Techniques:

Aquaculture-

The production of aquatic natural products is known as aquaculture (fish, shellfish, algae, seaweed, and other aquatic organisms). Intensive aquaculture is carried out in cages in the ocean or on land utilizing tanks, ponds, or other controlled systems.

Crops-

The intensive crop farming strategy is utilized in industrialized countries to increase productivity. Industrialized crop production is used in this sophisticated form of farming. It comprises top-notch farming equipment, cutting-edge technology, and marketing expertise for high production consumption and international trade. Additionally, monoculture is a type of intensive plant agriculture.

Livestock:

Since intensive farming strives to produce as much as possible from the available area, it is also employed to supply cattle. This method uses chemical insecticides and fertilizers to grow food in enormous quantities. This contemporary farming technique is commonly used to generate eggs, meat, and other agricultural goods. Individual animals that have no choice but to survive on farms are referred to as livestock.

Benefits of Intensive Farming in India:

Good yield – High yield is a given in intensive farming. In modern marketplaces like cafes and general stores, goods including meat, milk, fish, eggs, and grains are in high demand.

High Efficiency:

By maximizing production on a limited amount of land, farmers make more profit. In comparison to the amount of food produced per unit, the requirements for space, equipment, and other inputs are smaller, making this method more effective and reasonable.

Range of Food – Mass food production in a specific food harvest or animal production is typically at the core of intensive agriculture. It leads to a wider variety of food for human consumption. A single producing region is more practical because intensive agriculture necessitates a lot of labor, money, and resources.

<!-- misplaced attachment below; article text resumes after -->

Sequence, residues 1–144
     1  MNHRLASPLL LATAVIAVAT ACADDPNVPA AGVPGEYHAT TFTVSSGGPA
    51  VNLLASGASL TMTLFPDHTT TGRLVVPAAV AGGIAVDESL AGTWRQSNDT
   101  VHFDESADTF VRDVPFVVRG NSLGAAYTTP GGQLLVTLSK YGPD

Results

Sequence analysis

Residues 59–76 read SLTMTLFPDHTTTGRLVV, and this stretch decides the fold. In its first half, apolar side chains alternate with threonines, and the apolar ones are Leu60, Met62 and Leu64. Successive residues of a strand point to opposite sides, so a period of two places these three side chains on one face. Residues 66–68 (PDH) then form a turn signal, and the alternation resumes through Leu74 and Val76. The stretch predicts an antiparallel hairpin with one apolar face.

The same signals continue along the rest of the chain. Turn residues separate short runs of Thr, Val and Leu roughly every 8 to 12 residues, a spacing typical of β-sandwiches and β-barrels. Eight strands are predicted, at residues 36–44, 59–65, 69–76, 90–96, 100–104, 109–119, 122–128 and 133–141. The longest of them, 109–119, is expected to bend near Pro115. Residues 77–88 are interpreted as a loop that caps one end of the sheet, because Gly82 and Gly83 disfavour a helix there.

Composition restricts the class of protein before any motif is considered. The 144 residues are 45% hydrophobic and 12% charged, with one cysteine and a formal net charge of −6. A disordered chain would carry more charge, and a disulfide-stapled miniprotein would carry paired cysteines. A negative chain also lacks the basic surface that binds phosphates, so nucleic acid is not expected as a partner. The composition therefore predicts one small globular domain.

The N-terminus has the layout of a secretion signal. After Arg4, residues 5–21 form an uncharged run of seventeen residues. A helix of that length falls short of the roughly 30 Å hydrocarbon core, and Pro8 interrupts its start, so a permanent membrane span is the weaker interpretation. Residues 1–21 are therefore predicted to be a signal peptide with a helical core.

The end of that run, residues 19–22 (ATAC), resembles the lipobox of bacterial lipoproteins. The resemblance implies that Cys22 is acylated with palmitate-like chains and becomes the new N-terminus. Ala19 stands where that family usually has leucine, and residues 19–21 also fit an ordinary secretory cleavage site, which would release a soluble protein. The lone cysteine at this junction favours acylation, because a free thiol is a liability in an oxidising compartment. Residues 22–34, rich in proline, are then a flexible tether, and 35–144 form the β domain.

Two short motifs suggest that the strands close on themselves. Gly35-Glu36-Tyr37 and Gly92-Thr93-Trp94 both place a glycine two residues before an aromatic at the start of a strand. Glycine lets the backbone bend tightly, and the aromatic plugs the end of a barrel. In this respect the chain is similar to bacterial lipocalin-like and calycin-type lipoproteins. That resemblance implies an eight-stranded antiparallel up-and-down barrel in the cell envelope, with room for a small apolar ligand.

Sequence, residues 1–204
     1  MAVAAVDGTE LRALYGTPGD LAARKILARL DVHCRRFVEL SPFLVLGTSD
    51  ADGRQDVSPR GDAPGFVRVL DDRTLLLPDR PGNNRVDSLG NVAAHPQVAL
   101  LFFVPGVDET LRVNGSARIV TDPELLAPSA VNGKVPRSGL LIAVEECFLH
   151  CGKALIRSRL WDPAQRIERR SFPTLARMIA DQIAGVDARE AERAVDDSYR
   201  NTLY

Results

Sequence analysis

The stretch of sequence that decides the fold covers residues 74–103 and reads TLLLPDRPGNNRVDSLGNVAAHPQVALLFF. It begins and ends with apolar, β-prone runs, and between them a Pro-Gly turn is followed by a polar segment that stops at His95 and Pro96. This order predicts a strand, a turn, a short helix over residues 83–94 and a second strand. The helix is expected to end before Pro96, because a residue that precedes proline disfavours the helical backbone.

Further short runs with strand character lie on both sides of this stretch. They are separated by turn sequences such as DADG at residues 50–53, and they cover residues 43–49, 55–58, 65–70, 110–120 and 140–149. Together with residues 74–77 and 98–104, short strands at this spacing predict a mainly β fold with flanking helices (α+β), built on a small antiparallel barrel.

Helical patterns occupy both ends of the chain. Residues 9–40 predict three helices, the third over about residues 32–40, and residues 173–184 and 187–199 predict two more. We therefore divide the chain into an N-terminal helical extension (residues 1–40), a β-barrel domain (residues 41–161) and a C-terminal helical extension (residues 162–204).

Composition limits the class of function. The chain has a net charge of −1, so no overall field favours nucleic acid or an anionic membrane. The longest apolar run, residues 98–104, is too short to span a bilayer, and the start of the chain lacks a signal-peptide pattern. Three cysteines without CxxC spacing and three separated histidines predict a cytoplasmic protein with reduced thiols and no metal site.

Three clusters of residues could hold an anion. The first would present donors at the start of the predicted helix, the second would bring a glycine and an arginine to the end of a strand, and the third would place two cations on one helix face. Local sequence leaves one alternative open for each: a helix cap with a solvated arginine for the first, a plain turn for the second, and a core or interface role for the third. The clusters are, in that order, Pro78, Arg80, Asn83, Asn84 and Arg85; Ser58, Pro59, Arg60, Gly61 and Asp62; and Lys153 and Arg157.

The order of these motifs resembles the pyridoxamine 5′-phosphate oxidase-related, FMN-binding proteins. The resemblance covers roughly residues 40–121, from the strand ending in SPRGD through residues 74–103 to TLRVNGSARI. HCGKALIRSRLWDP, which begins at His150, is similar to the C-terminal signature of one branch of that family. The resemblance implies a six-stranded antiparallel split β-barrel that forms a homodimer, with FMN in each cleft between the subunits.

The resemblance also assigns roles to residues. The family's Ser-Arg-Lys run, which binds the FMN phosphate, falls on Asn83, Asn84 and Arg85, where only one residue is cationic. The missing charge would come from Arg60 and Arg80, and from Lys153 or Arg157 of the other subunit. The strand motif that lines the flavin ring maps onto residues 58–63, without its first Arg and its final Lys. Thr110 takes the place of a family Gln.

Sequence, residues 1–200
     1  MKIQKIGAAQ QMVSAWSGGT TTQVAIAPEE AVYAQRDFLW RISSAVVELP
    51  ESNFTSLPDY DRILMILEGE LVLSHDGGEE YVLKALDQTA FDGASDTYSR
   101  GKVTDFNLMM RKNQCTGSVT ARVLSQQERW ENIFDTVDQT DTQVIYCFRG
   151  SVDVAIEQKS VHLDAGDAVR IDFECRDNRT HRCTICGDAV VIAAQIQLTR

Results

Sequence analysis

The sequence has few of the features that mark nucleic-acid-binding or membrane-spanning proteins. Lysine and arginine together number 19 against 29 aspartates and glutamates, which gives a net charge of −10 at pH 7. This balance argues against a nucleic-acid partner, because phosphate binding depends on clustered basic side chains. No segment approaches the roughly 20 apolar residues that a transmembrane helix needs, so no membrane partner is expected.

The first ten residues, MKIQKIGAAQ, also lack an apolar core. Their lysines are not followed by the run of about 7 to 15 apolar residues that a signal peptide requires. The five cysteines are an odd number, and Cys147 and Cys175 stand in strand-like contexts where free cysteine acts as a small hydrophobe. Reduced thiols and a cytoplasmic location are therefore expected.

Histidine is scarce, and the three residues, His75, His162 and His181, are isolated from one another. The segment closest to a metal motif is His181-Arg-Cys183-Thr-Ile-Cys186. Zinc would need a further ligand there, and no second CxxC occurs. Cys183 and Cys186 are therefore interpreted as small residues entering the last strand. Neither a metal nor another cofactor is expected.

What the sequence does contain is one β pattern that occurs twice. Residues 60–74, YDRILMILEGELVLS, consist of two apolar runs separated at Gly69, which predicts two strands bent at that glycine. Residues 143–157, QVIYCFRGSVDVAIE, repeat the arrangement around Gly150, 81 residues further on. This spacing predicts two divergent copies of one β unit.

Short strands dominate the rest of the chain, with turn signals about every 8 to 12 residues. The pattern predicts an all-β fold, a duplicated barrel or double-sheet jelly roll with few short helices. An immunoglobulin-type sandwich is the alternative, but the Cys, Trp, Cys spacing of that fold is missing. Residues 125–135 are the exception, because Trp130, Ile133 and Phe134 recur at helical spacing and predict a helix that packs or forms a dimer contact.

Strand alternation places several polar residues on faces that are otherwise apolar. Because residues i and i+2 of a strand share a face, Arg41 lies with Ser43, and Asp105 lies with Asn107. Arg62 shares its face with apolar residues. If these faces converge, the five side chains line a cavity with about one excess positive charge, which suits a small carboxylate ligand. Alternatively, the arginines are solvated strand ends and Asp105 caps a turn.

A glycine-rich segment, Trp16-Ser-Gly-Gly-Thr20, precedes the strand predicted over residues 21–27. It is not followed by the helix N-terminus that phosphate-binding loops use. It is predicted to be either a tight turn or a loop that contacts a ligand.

Impacts On Environment:

Intensive farming pollutes the atmosphere, usable water supplies, and arable land by using excessive amounts of energy, water, and industrial chemicals. Insecticides, fertilizers, and herbicides build up in surface and ground waters. Industrial agriculture practices, which are responsible for 14‚Äď28% of net greenhouse gas emissions, are one of the main causes of global warming.

Many of industrial agriculture’s unfavorable effects could manifest far from farms and fields. On a regional or national level, numerous wild plant and animal species have gone extinct, and agro-ecosystems function very differently now. The loss of natural landscape features, the expansion of farms and fields, and the increased use of insecticides and herbicides are only a few examples of the many variables that contribute to agricultural intensification. Herbicides and insecticides are becoming increasingly ineffective due to pest resistance that is being rapidly developed as a result of the widespread use of these chemicals. Agrochemicals have been linked to colony collapse disorder, in which the individual bee colonies vanish. Bees are essential to agricultural productivity because they pollinate a wide range of fruits and vegetables.¬†¬†